Updated: Nov 29, 2019
I moved to France six months ago after giving up my job in the UK. Since then, I've been job hunting here but it hasn't been easy. Having spoken to lots of CERN (the European nuclear research centre based in Geneva) spouses, I've found this isn't at all unusual. We give up our jobs in our home countries where we understand the language and the job market. It's a completely different world here. Without speaking fluent French, my job options are more limited.
Photo credit: http://www.amtec.us.com/
What makes it harder is that I'm just outside Geneva. While this has the benefit of there being more jobs available (particularly for English speakers), competition is incredibly high. There are thousands of people who want to work with the United Nations, World Health Organisation, World Trade Organisation, or any of the pharmaceutical/accountancy/technology companies based in the city. Many of the NGOs (non-governmental organisations that normally work on humanitarian issues) here do such wonderful things, and the high salaries don't hurt! Imagine working for a cause you feel really passionately about, and being paid twice as much as you would be back home. Throw in French food, Swiss chocolate and world-class healthcare, and the level of competition makes sense.
The recruitment system here is very different to what I experienced in the UK. There can be many stages, and more than once I've had a telephone interview with no notice. That said, this sort of experience isn't new to me. A little over six years ago, I was also job hunting. Before too long, I started in my first graduate job at a wonderful small business. It started my career in communications and I was part of a family I still keep in touch with.
Living here, it feels like I'm back to being a new graduate. I don't fully understand the system but am hoping that my dream job will come up, just as it did six years ago. Of course, there will always be ups and downs. I applied for a job recently where the telephone interview, first face-to-face interview and second face-to-face interview were all completed within a week, but then I heard nothing for weeks. The second interview took three hours, involved four tests, and four meetings. They said they were in a rush, but then I didn't hear from them for weeks. After finally getting a response, it took a further two months to get any feedback. Apparently I was over qualified (I knew it was a fairly junior role, but was willing to take a step back for the Swiss job experience). Needless to say, I was annoyed and felt like I'd been strung along.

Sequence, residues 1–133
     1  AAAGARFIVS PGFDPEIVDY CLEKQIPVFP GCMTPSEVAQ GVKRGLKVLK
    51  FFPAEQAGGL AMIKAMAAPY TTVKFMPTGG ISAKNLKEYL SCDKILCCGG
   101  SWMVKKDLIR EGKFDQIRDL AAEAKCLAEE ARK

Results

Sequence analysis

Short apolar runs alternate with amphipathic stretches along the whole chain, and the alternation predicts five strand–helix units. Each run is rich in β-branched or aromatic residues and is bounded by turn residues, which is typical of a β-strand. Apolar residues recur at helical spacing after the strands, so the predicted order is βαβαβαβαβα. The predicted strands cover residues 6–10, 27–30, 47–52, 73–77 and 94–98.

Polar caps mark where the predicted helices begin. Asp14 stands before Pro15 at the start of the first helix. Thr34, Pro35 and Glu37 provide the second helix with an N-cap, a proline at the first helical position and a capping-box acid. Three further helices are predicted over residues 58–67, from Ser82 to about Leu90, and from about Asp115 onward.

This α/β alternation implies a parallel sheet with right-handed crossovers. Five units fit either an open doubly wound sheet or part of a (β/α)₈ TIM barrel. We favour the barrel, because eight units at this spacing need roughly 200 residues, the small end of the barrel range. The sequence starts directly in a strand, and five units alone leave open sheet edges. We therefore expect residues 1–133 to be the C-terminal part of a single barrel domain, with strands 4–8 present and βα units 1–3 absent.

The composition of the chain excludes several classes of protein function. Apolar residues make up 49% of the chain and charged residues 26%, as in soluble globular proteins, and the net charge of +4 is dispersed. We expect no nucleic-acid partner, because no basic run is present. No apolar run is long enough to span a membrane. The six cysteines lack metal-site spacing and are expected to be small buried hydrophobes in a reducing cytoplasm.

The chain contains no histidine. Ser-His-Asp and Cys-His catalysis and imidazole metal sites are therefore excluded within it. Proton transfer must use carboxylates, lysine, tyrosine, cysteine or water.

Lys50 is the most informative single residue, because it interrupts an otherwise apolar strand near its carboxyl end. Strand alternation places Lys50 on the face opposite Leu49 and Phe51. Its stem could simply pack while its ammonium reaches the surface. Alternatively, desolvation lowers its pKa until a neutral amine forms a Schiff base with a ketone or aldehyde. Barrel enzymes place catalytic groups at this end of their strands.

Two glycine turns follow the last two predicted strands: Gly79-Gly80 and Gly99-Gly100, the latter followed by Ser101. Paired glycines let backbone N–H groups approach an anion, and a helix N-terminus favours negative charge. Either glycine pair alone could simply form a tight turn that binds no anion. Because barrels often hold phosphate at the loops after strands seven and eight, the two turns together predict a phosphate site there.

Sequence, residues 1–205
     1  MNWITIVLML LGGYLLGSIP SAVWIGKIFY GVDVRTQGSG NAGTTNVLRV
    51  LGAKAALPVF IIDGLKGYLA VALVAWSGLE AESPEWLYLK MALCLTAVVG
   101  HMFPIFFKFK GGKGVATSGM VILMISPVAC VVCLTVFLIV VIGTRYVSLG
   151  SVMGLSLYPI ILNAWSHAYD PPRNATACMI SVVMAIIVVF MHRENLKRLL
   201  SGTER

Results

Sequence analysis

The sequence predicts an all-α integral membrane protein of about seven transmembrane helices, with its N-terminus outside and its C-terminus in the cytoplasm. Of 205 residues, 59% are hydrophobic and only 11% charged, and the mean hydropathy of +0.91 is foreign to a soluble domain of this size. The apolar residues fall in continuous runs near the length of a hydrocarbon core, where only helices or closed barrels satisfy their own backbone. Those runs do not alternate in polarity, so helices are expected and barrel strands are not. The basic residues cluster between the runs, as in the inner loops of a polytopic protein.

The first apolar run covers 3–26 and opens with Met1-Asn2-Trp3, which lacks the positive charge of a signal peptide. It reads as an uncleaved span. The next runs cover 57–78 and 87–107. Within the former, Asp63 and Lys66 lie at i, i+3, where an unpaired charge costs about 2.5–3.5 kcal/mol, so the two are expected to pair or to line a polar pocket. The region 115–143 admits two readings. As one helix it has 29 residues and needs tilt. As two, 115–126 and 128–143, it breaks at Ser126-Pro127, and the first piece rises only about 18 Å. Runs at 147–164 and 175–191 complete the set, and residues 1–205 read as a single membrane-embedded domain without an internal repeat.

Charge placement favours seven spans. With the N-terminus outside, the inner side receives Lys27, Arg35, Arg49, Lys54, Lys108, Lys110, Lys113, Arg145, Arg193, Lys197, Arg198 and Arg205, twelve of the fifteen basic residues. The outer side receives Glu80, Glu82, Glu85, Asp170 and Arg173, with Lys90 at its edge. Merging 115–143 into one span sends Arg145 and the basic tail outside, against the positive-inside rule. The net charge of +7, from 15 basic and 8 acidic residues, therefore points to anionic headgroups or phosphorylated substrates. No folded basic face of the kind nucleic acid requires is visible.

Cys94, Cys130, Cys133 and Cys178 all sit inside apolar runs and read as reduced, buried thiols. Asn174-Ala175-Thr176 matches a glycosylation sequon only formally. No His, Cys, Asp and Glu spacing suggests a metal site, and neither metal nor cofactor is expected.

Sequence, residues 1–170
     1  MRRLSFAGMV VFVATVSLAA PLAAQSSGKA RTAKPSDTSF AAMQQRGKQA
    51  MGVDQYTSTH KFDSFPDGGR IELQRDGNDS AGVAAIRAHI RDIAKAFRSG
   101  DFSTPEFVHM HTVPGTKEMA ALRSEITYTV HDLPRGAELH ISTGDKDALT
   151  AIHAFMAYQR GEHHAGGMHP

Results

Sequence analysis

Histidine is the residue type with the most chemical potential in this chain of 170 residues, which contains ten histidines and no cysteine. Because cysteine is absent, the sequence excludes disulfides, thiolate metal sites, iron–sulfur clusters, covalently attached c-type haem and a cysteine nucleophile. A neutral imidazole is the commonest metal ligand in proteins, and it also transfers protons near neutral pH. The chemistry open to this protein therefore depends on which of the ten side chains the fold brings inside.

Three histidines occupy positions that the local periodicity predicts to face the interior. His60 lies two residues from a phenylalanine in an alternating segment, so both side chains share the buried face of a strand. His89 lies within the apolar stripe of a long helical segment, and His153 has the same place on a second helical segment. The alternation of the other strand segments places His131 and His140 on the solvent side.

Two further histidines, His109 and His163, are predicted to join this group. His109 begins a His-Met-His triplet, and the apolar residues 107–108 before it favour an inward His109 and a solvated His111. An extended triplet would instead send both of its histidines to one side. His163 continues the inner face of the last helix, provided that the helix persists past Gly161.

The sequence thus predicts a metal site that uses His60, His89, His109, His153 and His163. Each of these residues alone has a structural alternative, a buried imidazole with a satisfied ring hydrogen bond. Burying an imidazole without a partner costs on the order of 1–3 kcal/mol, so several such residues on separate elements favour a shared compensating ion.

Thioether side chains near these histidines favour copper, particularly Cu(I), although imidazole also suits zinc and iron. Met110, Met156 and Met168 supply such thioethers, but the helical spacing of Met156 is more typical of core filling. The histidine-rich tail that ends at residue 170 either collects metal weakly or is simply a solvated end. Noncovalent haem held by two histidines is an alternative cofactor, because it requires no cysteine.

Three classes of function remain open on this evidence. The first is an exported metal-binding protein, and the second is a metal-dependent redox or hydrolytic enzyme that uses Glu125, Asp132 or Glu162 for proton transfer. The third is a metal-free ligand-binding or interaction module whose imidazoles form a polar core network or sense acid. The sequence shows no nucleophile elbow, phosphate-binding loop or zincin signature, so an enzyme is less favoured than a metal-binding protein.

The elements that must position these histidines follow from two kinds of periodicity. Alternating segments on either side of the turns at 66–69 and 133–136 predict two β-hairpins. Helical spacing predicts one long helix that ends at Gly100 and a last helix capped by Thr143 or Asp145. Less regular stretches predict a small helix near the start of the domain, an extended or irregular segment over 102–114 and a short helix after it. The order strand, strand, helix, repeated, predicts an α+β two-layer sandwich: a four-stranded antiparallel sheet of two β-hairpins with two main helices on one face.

On the positive side though, I am meeting companies, but it just takes time. In the meantime, I've been blogging, walking dogs and taking on some freelance comms work. I've also learnt so much more about my personal impact on the environment so am cooking more vegetarian food, as well as making my own oat milk and toiletries. Being surrounded by NGOs makes me more aware of what impact our decisions have on others.
The CERN spouses here have taken a variety of approaches to dealing with the job hunt. Teaching English as a foreign language is a common one. Some partners take a career break. After all, a job at CERN might only last three years. Volunteering is also an option. Despite high salaries in Geneva, there is still lots of poverty and volunteers are needed to work at food and clothing banks, or teach English to children of refugees.
As for my charity work, I love working with animals. My ex-husband kept my cat (as well as my piano which he can't play but that's irrelevant...), and my family dog is back in the UK. I miss them both dearly, so I am about to foster a dog here. Not only will it keep me occupied in my job search, but it's great for my mental health. As for the pup, her adoptive family pulled out at the last minute so now she needs a home with lots of walks and cuddles. Of course nothing is final until she's with me, but I'm keeping my fingers crossed.